62. The Second Restatement also addressed about $5.8 million in revenues recorded in the June, September and December 1998 quarters on shipments made under two free trial programs, the accuDEXA Loaner Program and Try and Buy. Under both promotions, the putative buyer was given a 30-day free trial, with no obligation to buy. At the end of the trial period, the purchaser could either return the unit with the customary restocking fee waived, or enter into an agreement to purchase it. Overall, about half of the units shipped under the two programs was eventually returned. STI treated each shipment as a sale at the time of shipment, even though the putative purchaser was under no obligation to buy.

Revenue Recognition Criteria

63. As discussed above, to recognize revenue in the financial statements, the revenue must be realized or realizable and earned. Financial Accounting Standard ("FAS") 48 provides that if an enterprise sells its product but gives the buyer the right to return the product, revenue from the sales transaction shall be recognized at time of sale only if the buyer is obligated to pay the seller and the risk of loss has passed to the buyer. In other words, there must be an actual sale.

64. With respect to the Try and Buy and the accuDexa Loaner programs in which, among other things, the customers were given 30 day trial periods (during which time they had no obligation to purchase), revenue recognition was precluded at date of shipment because there was no obligation on the purchaser to purchase the product. In such circumstances, a sale could not be recognized until the end user accepted the product and became obligated to pay for it.

The accuDEXA Loaner Program

65. The accuDEXA loaner program took place primarily in the June and September 1998 quarters, with a few units shipped in November. Under the program, the customer was given an unconditional right to return product to STI within 30 days of shipment. Between May and November 1998, 347 units were shipped under the program. Approximately 160 units were returned. Many returns were greater than 60 days after shipment. All shipments made pursuant to this program were recorded as sales and included as revenue in STI's financial reports at the time of shipment. Overall, STI recognized at least $4.6 million in revenues in the two quarters. STI did not inform the Auditors about the program or its sales terms during the June or September 1998 quarter reviews. The details of the program did not come to light until the Audit Committee's internal investigation in mid-1999.

66. About $1.9 million of this revenue was ultimately reversed between adjustments to revenue made in the Second Restatement and adjustments to the reserve for sales returns that had been made in the First Restatement. In the Second Restatement, all revenue recorded on this program in the June quarter was reversed because none of the shipments made in the June quarter had matured into actual sales in the quarter. About $490,000 of this revenue was recognized in the September quarter. In addition, about $522,000 of the revenue recognized in the September quarter was shifted to the December quarter for the same reason.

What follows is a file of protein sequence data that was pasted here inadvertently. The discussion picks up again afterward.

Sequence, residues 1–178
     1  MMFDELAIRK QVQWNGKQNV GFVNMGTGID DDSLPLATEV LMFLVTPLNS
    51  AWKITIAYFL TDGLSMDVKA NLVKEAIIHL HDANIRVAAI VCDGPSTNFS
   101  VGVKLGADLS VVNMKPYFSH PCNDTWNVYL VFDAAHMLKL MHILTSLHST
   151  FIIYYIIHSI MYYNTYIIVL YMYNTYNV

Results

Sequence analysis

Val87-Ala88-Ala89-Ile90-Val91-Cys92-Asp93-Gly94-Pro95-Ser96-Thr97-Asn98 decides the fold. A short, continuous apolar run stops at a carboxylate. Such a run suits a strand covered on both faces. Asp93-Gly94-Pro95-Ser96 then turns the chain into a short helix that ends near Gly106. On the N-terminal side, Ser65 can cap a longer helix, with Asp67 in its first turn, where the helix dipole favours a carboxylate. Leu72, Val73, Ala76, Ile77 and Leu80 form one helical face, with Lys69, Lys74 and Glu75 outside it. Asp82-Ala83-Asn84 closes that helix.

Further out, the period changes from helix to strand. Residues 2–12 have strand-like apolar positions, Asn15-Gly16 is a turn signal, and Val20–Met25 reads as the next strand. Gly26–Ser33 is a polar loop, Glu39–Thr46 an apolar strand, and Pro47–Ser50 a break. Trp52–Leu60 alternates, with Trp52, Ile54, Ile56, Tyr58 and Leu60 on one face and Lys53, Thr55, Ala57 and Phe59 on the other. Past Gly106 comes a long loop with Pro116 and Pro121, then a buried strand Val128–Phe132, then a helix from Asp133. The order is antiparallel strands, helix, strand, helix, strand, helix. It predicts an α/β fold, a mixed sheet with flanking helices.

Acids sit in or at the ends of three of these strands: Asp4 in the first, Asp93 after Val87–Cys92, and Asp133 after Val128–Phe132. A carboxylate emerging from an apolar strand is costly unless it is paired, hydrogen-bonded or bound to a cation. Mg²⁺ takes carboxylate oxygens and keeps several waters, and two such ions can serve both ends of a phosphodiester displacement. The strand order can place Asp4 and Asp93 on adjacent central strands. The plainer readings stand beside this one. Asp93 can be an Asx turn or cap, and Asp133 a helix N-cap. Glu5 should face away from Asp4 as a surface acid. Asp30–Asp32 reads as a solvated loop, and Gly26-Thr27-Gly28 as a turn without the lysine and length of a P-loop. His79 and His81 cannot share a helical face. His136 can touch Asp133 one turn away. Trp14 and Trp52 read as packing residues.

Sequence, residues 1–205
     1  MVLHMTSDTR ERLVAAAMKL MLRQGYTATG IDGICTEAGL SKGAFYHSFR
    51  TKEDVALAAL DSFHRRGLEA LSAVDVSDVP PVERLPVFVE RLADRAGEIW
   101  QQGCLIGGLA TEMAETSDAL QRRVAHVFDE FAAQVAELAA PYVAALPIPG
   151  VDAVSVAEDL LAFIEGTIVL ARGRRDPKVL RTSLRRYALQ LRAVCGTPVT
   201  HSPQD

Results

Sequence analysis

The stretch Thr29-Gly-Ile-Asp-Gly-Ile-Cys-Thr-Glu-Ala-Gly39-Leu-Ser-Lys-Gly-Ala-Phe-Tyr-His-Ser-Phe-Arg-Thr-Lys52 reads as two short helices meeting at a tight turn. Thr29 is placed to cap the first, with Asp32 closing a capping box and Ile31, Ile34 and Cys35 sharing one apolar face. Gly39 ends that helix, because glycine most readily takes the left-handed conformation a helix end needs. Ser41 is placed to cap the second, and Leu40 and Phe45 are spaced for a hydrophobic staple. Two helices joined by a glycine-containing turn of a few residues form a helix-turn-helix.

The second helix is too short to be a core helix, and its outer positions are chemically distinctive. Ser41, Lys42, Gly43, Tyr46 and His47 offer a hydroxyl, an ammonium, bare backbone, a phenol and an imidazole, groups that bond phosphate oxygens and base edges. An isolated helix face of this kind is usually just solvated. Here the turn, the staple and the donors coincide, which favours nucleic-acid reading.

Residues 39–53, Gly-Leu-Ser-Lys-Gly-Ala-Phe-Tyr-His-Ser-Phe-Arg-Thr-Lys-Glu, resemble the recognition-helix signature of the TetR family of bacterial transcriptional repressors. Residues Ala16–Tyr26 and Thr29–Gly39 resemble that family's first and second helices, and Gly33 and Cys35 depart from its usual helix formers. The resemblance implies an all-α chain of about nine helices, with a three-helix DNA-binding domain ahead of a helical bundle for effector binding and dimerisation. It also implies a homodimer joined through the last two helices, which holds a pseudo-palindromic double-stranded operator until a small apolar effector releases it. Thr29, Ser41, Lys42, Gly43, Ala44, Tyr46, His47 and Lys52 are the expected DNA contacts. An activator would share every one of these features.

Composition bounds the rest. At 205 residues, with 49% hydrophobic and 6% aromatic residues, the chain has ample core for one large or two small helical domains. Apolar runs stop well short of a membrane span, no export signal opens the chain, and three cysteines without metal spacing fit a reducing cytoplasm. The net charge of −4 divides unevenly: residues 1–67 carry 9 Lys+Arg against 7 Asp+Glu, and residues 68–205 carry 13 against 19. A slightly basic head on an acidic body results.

67. As a result of the accuDEXA Loaner program, STI's publicly filed financial statements for the June and September 1998 quarters and its publicly filed First Restatement were materially false and misleading. Moreover, Schick and Levine knew, or were reckless in not knowing, that they were materially false and misleading.

68. The accuDEXA Loaner program was the brainchild of Schick. According to an internal email, Schick's concept was that the salespersons would leave an accuDEXA at the doctor's office "as a loaner unit for 30 days," after which the doctor would be able to "convert to a sale."

69. The program was launched in the June 1998 quarter. Consistent with Schick's email, an STI salesperson would leave an accuDEXA unit at a doctor's office as a loaner for 30 days. When the doctor agreed to try the accuDEXA unit, the doctor would sign an accuDEXA order form with an option to enter into a lease at the end of the 30-day trial period. Promotional materials described the program as follows: "As of June 15, 1998, for a very limited time, you can have the accuDEXA for 30 days, free of charge, with no deposit, no delivery charge, no re-stocking fee, and no obligation to purchase. You can return the unit at any time within the 30 day period." If the doctor decided to keep the unit, the first year would be "free" after which the doctor would pay in full or sign a three-year lease.

70. At Levine's direction, STI recognized revenue on units involved in the trial program upon shipment. Levine's purpose was to inflate STI's reported revenues. If the doctor decided not to purchase the unit, the Company then recorded a "return" at the time that the unit was returned to STI.

71. Schick was aware that STI was recording substantial revenue under the program and that it was experiencing substantial returns. In mid-July 1998, Schick put his brother in charge of the program to keep track of units shipped and returned. In August 1998, Schick's brother advised Schick that the "current ratio is about 3 sales to 2 returns. I figure there are at least 220 loaners out there now, probably more."

72. Neither Schick nor Levine told the Auditors about the loaner program in the June or September 1998 quarter reviews. The Auditors asked Schick and Levine in those quarter reviews if there were any sales with terms that deviated from STI's normal sales terms. Schick and Levine told the Auditors that there were no such sales. Schick and Levine knew, or were reckless in not knowing, that this was a false statement. Schick and Levine also failed to disclose the details of the loaner program in connection with the First Restatement. However, the First Restatement did record returns that were processed prior to the date of the First Restatement in February 1999, which included certain loaner program returns.